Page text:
Better Interview Tip #46

I was talking with Chip House (Linkedin | Twitter) about a variety of topics, including interviewing and building a great team around yourself.  When I asked him how he spotted leadership potential  he said he tried to ask questions that indicated how well the candidate knew themselves. What a wonderful insight!  I wish I would have had that heuristic years ago.

I’ve done a lot of interviews in my life but I never thought of using that screen: “How well do you know yourself?” And, the implied corollary, “How are you using that knowledge to better yourself and, ultimately, be a better leader? “

I’ve always asked questions that get at related topics: 

• What have you taught yourself lately (to see if they’re able to turn curiosity into knowledge)

• What’s a hard problem you’ve solved lately (to see if they can drive to solution)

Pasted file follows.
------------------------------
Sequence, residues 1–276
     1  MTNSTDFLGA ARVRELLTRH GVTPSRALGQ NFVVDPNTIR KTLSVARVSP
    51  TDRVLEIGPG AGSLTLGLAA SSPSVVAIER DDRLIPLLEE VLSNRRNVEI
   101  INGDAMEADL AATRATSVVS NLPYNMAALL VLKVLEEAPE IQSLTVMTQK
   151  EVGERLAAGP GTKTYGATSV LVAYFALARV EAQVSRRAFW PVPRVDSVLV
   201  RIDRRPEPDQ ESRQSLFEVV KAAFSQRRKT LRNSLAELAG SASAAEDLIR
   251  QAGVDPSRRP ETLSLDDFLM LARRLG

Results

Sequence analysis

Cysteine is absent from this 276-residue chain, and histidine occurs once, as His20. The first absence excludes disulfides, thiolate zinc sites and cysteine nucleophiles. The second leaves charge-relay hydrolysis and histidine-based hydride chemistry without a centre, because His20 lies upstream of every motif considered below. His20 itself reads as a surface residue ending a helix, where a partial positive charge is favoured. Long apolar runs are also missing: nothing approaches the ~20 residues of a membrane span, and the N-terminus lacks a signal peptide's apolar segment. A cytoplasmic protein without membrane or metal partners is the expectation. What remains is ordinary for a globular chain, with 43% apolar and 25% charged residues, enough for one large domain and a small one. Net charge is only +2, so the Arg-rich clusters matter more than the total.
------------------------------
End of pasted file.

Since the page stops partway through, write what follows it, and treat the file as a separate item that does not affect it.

• What’s the next leadership skill you want to add to your toolbox? (To see if they’ve actually got a development plan for themselves)

Those questions have been really useful, but I’ve never gone at interviews to understand the essential thing: Does this person have a good enough sense of themselves – their skills, their gaps, their blindspots – to be a good leader of people? 

Obviously, you can’t really know if people truly have good self awareness or not in a 45-60 minute interview, but if you go into the discussion trying to discern whether your interview participants understand themselves – a little bit, a lot, at all – it will only help you to make decisions on who could be a good leader for your team. 

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